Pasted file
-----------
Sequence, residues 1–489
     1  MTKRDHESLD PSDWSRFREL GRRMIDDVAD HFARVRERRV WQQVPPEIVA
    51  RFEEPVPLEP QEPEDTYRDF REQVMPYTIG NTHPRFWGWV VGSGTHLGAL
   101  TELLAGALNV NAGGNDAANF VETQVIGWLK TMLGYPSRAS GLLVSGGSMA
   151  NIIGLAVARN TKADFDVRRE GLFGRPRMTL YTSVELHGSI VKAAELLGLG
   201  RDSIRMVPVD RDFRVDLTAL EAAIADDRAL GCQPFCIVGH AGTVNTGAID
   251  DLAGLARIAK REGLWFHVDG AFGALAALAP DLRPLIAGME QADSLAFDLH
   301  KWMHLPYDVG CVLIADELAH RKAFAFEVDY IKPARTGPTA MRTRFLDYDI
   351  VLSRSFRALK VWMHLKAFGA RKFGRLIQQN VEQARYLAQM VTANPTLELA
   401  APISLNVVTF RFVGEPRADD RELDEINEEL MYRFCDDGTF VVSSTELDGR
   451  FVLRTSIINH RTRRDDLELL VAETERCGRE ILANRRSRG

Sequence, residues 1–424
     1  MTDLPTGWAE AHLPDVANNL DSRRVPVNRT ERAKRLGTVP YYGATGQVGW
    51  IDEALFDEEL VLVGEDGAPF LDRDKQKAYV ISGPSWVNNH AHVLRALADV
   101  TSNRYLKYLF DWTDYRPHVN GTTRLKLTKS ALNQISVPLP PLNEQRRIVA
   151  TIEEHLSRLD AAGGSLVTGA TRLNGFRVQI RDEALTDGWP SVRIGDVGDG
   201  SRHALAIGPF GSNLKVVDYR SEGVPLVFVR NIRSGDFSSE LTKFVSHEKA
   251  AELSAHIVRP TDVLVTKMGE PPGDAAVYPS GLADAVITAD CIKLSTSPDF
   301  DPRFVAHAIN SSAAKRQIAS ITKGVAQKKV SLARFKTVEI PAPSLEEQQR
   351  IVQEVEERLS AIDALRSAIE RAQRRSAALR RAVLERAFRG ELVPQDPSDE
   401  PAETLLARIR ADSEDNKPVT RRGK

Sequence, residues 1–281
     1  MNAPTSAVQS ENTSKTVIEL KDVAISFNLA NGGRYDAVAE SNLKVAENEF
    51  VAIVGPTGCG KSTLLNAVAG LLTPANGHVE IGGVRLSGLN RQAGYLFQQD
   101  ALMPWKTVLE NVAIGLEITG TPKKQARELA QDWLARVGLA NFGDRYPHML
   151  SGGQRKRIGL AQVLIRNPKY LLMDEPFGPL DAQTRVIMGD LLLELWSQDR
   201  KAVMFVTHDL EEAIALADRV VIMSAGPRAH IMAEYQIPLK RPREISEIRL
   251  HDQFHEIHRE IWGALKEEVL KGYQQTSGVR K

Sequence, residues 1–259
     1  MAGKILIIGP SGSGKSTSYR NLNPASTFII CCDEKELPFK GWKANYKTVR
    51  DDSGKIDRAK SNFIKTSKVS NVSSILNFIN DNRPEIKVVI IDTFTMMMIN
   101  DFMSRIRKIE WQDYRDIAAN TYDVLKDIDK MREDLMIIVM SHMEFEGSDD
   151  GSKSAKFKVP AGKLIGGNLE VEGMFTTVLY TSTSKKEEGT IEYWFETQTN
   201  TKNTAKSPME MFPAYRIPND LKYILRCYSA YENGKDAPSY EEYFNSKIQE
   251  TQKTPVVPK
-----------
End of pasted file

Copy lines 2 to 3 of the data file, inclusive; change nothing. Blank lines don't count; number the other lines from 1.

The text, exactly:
     1  MTKRDHESLD PSDWSRFREL GRRMIDDVAD HFARVRERRV WQQVPPEIVA
    51  RFEEPVPLEP QEPEDTYRDF REQVMPYTIG NTHPRFWGWV VGSGTHLGAL